Fallujah Album Review – ‘Dreamless’
Most bands that combine various different (sub)-genres tend to attract the description ‘progressive’ for a lack of a better word. Fallujah is one of these bands that gave critics a hard time to categorize them so – naturally – they attracted the label progressive technical death metal or various alterations of that. The band themselves don’t see their music as death metal so maybe let’s go with that and focus on the music.
‘Dreamless’ is Fallujah’s third album and – as another cliché goes – should be an important one as it is supposed to pave the way to glory or a life in the shadows of the music underground. If you are familiar with the band’s previous releases ‘The Harvest Wombs’ and ‘The Flesh Prevails’, ‘Dreamless’ will not come as a surprise to you. The new album is rather an evolution than a revolution. The five San Franciscans rely on tried and tested elements of their music. However, they take their songwriting to the next level with even more details, twists and turns.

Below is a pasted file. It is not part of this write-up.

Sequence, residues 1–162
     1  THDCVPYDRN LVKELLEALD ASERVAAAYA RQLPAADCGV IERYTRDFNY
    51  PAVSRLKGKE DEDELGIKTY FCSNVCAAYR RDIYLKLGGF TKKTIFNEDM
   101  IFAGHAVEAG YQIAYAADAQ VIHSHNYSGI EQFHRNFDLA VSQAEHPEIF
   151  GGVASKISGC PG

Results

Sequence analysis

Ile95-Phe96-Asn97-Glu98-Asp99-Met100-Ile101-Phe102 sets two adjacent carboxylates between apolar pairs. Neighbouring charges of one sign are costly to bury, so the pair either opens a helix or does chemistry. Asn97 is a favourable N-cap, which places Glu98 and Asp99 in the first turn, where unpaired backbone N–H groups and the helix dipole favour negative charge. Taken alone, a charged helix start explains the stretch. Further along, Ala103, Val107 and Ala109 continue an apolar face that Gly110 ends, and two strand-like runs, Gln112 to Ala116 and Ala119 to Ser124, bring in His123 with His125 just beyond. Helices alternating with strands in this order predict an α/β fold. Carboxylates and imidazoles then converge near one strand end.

The constant change between aggressive – and dare I say – death metal parts with harsh vocals and blast beats alternates with ambient passages and jazz-rock influenced interludes. Groovy parts flow seamlessly into death metal riffing. The overarching melodic sound of the guitar is the kit that binds all that together. The strongest parts of ‘Dreamless’ are when Fallujah are at lightning speed and aggressive like in the aptly named ‘Adrenaline’ combining this brutal sound with melodic guitar licks and breaking into a more jazz-rock influenced second part. In these moments Fallujah combines the best of both worlds.
Unfortunately, the constant change of pace and the breaks in combination with the fact that some of the songs flow into the next make it a bit hard to recognize particular songs even after you listened to them for the tenth time. This doesn’t necessarily have to be negative. However, it makes Fallujah’s music a bit harder to approach. And then there are the two electronic songs ‘Fidelio’ and ‘Les Silences’. Both tracks are just that: electronic songs with a trance atmosphere and the odd house influence that you would expect more on a Sven Vath album of the mid-90s. The tracks are almost three and six minutes long respectively. So they don’t qualify as an interlude or intro but are stand-alone tracks. These songs lower the impact of ‘Dreamless’ and are misplaced on a metal album. Nevertheless, ‘Dreamless’ is a good album. As always with bands that combine so many influences on one album, there will be controversial discussions…
8 of 10